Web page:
The 256-bit Secure Hash Algorithm is defined in FIPS PUB 180-2. The 256-bit Secure Hash Algorithm is defined in FIPS PUB 180-2.
It produces a 32-byte output. It produces a 32-byte output.
SSL SSL
Netscape's Secure Socket Layer protocol [SSL3]. TLS is based on Netscape's Secure Socket Layer protocol [SSL3]. TLS is based on
SSL Version 3.0. SSL Version 3.0.
stream cipher
An encryption algorithm that converts a key into a
cryptographically strong keystream, which is then exclusive-ORed
with the plaintext.
symmetric cipher
See bulk cipher.
Transport Layer Security (TLS) Transport Layer Security (TLS)
This protocol; also, the Transport Layer Security working group of This protocol; also, the Transport Layer Security working group of
the Internet Engineering Task Force (IETF). See "Working Group the Internet Engineering Task Force (IETF). See "Working Group
Information" at the end of this document (see page 99). Information" at the end of this document (see page 99).
Appendix C. Cipher Suite Definitions Appendix C. Cipher Suite Definitions
Cipher Suite Key Cipher Mac Cipher Suite Key Record
Exchange Exchange Protection PRF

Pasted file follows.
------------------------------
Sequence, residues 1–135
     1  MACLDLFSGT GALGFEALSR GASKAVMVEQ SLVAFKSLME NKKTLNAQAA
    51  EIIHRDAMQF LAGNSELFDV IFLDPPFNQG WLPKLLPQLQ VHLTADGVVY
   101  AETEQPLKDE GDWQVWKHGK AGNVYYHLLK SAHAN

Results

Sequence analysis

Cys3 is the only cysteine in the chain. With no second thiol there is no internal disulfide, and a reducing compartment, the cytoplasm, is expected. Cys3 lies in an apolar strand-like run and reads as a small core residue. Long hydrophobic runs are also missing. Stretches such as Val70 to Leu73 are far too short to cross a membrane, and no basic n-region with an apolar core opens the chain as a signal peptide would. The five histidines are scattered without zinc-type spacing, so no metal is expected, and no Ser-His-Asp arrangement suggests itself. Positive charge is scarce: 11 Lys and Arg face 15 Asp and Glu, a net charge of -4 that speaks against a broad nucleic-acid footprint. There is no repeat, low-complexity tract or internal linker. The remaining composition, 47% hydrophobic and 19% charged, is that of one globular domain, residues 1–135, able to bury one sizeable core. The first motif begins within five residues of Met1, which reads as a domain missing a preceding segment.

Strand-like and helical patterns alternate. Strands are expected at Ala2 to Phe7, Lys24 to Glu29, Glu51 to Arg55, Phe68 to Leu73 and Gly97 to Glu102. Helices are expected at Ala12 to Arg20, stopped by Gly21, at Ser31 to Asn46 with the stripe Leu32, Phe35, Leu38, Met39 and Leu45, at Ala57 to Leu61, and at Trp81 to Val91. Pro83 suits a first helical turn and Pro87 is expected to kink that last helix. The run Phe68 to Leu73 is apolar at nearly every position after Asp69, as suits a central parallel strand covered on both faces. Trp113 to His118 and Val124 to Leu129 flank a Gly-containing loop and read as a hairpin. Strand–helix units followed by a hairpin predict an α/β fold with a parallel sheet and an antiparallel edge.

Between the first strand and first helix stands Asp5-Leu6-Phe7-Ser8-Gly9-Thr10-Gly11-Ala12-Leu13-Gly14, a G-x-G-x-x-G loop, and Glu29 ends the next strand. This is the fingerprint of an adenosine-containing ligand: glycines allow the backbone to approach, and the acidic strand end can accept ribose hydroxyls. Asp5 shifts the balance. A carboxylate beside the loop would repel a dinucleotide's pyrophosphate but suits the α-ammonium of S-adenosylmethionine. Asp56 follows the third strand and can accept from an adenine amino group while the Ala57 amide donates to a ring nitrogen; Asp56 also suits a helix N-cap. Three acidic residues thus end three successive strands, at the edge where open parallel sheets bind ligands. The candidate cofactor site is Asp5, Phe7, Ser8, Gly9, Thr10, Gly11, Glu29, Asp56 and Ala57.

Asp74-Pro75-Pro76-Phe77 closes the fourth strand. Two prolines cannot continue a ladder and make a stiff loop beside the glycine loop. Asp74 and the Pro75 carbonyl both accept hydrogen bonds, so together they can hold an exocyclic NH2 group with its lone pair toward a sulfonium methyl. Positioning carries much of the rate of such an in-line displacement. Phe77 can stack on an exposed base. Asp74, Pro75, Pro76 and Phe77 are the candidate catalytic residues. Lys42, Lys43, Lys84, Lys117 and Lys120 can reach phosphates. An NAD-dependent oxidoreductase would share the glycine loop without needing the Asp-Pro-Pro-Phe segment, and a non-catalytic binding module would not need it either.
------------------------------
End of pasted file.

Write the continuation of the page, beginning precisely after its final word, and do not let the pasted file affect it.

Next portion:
TLS_NULL_WITH_NULL_NULL NULL NULL NULL
TLS_RSA_WITH_NULL_MD5 RSA NULL MD5
TLS_RSA_WITH_NULL_SHA RSA NULL SHA
TLS_RSA_WITH_NULL_SHA256 RSA NULL SHA256
TLS_RSA_WITH_RC4_128_MD5 RSA RC4_128 MD5
TLS_RSA_WITH_RC4_128_SHA RSA RC4_128 SHA
TLS_RSA_WITH_3DES_EDE_CBC_SHA RSA 3DES_EDE_CBC SHA
TLS_RSA_WITH_AES_128_CBC_SHA RSA AES_128_CBC SHA
TLS_RSA_WITH_AES_256_CBC_SHA RSA AES_256_CBC SHA
TLS_RSA_WITH_AES_128_CBC_SHA256 RSA AES_128_CBC SHA256
TLS_RSA_WITH_AES_256_CBC_SHA256 RSA AES_256_CBC SHA256
TLS_DH_DSS_WITH_3DES_EDE_CBC_SHA DH_DSS 3DES_EDE_CBC SHA
TLS_DH_RSA_WITH_3DES_EDE_CBC_SHA DH_RSA 3DES_EDE_CBC SHA
TLS_DHE_DSS_WITH_3DES_EDE_CBC_SHA DHE_DSS 3DES_EDE_CBC SHA
TLS_DHE_RSA_WITH_3DES_EDE_CBC_SHA DHE_RSA 3DES_EDE_CBC SHA
TLS_DH_anon_WITH_RC4_128_MD5 DH_anon RC4_128 MD5
TLS_DH_anon_WITH_3DES_EDE_CBC_SHA DH_anon 3DES_EDE_CBC SHA
TLS_DH_DSS_WITH_AES_128_CBC_SHA DH_DSS AES_128_CBC SHA
TLS_DH_RSA_WITH_AES_128_CBC_SHA DH_RSA AES_128_CBC SHA
TLS_DHE_DSS_WITH_AES_128_CBC_SHA DHE_DSS AES_128_CBC SHA
TLS_DHE_RSA_WITH_AES_128_CBC_SHA DHE_RSA AES_128_CBC SHA
TLS_DH_anon_WITH_AES_128_CBC_SHA DH_anon AES_128_CBC SHA
TLS_DH_DSS_WITH_AES_256_CBC_SHA DH_DSS AES_256_CBC SHA
TLS_DH_RSA_WITH_AES_256_CBC_SHA DH_RSA AES_256_CBC SHA
TLS_DHE_DSS_WITH_AES_256_CBC_SHA DHE_DSS AES_256_CBC SHA
TLS_DHE_RSA_WITH_AES_256_CBC_SHA DHE_RSA AES_256_CBC SHA
TLS_DH_anon_WITH_AES_256_CBC_SHA DH_anon AES_256_CBC SHA
TLS_DH_DSS_WITH_AES_128_CBC_SHA256 DH_DSS AES_128_CBC SHA256